The overall duration of wheelchair propulsion was overestimated by the AM by 3.9% (21.1 versus 17.2%). This overestimation was larger (P<0.05) in the subgroup with good triceps strength (24.4 versus 16.4%) than in the subgroup with poor triceps strength (18.8 versus 17.6%). Differences in the duration of wheelchair propulsion between video analysis and AM output were smaller during movement over longer distances (hallway 5% and outdoors 4%) than during movement in smaller areas (14%) (Table 4). The largest difference in duration between both methods was found during the activities: ‘open the door, drive through the door opening and close the door’, ‘move indoors in a small environment’ and ‘preparing and eating a sandwich’: that is, 29, 14 and 12%, respectively.
In former studies,14, 15, 16, 17, 18 the AM has proven to be a valid instrument to quantify mobility-related activities (lying, sitting, standing, walking, cycling, general (noncyclic) movement). The aim of this study was to assess whether, additional to other activities, wheelchair propulsion (hand-rim wheelchair propulsion and handbiking) can be validly detected by the AM in patients with SCI.
Even though the study population was relatively small, the diversity of physical functioning which exists within the SCI population was, in our opinion, well represented. Selection of patients with poor and with good triceps strength, enabled both marginal and good wheelchair drivers to be studied. Only patients who used both arms to propel a wheelchair were selected, because patients with SCI rarely propel their wheelchair in a different manner; for example, by using both feet, or one foot and one arm. Thus, in our opinion, results of the present study can be generalized to the majority of patients with SCI.
Mean age (41.7 years), man/woman ratio (2.3:1) and percentage complete lesions (33%) in the present patient group is in agreement with characteristics of the SCI population in a comparable Dutch Rehabilitation Center as studied by Schönherr et al26 (45.1 years, 2.2:1 and 27%, respectively). However, the percentage of cervical lesions was higher in the present study (60 versus 41% in the study of Schönherr et al26), due to our selection of five patients with poor triceps strength.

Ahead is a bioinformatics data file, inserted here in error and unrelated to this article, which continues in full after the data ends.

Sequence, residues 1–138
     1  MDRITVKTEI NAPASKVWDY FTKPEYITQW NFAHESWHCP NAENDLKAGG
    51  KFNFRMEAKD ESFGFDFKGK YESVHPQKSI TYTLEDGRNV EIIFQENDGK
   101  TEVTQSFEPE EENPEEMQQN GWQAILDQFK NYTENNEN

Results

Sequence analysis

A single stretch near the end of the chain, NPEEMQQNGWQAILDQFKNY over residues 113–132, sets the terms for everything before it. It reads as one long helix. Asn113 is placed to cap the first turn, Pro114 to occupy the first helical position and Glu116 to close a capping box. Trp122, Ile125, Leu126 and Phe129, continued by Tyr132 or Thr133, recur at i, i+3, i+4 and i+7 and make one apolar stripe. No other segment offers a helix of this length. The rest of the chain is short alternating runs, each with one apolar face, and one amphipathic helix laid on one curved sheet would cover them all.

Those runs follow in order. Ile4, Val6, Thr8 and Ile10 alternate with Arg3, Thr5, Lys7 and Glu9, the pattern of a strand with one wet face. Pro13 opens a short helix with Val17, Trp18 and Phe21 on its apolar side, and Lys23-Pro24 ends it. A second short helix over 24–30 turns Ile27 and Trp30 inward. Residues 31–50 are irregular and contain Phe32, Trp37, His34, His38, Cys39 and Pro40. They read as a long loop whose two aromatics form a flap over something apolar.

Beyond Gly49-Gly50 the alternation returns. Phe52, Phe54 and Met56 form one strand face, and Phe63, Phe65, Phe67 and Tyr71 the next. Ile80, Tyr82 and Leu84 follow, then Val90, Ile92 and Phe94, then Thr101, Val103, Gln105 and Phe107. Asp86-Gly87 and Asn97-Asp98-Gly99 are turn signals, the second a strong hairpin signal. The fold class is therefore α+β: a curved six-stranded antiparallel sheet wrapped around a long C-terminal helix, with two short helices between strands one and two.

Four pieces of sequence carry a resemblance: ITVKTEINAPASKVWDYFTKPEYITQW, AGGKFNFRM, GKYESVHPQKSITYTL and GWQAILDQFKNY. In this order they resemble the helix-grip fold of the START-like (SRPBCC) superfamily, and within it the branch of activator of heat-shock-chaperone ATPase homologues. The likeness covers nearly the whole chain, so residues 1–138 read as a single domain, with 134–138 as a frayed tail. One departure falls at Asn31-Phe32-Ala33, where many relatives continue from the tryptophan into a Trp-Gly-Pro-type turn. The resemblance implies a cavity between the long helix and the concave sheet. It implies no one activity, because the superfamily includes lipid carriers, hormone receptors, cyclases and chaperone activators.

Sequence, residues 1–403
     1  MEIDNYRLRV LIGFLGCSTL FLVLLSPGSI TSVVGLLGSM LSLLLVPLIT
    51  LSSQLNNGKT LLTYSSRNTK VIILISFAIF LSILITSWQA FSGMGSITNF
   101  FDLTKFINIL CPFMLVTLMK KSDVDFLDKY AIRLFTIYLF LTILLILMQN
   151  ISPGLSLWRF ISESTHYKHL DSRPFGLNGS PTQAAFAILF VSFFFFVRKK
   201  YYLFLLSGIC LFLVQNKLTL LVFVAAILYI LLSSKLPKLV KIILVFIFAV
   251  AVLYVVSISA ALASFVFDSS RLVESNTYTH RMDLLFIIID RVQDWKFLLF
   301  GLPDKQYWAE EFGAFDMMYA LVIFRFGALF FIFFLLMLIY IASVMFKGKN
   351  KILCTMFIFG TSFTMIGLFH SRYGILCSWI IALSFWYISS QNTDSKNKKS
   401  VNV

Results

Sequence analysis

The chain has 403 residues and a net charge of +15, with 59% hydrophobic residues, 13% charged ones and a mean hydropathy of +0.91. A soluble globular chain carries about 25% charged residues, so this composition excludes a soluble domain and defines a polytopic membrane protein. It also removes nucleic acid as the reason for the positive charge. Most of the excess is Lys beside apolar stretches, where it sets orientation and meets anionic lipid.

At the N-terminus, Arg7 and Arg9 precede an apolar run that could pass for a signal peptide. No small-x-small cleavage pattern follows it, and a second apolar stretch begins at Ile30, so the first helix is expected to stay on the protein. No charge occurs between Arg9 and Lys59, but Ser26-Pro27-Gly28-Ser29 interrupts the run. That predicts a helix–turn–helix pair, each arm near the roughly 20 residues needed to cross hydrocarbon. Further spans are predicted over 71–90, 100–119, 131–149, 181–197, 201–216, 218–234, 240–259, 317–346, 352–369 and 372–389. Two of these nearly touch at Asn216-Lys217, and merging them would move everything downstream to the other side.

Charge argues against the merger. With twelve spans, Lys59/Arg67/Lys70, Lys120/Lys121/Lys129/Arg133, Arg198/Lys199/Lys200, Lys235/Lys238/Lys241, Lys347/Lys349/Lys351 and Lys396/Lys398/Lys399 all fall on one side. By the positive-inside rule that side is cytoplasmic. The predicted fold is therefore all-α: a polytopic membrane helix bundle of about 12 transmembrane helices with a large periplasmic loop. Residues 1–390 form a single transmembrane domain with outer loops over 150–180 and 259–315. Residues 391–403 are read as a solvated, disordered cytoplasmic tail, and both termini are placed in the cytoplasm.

Since the detection of wheelchair propulsion by the AM is largely based on the detection of arm movements in combination with the detection of a sitting position, we were particularly interested in the capacity of the AM to distinguish wheelchair propulsion from other dynamic activities in which both arms are used. Therefore, we purposely included in the protocol several dynamic activities that could be falsely detected by the AM as wheelchair propulsion (such as washing the dishes in sitting position). Furthermore, even though the protocol consisted of activities which were assumed to be representative for normal everyday life, the proportion of dynamic activities was relatively large and those activities alternated quickly within a short period of time. Therefore, as a whole, the protocol was not representative for normal life. Since in the future the AM will be used to quantify everyday physical activity in patients with SCI during long-lasting (48 h) free-living measurements (with relatively more static activities and less frequent changes in activities) the validity of measurements with the AM as found in the present study is expected to be an underestimation of the actual validity during long-lasting measurements.